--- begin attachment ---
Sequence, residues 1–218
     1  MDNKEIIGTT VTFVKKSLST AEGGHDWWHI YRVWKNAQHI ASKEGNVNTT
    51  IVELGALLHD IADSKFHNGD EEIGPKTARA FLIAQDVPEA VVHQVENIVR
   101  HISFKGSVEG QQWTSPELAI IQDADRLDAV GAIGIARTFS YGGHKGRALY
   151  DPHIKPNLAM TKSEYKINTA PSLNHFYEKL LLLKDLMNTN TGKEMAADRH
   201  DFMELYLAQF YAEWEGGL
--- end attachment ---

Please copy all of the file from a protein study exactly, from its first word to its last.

Sequence, residues 1–218
     1  MDNKEIIGTT VTFVKKSLST AEGGHDWWHI YRVWKNAQHI ASKEGNVNTT
    51  IVELGALLHD IADSKFHNGD EEIGPKTARA FLIAQDVPEA VVHQVENIVR
   101  HISFKGSVEG QQWTSPELAI IQDADRLDAV GAIGIARTFS YGGHKGRALY
   151  DPHIKPNLAM TKSEYKINTA PSLNHFYEKL LLLKDLMNTN TGKEMAADRH
   201  DFMELYLAQF YAEWEGGL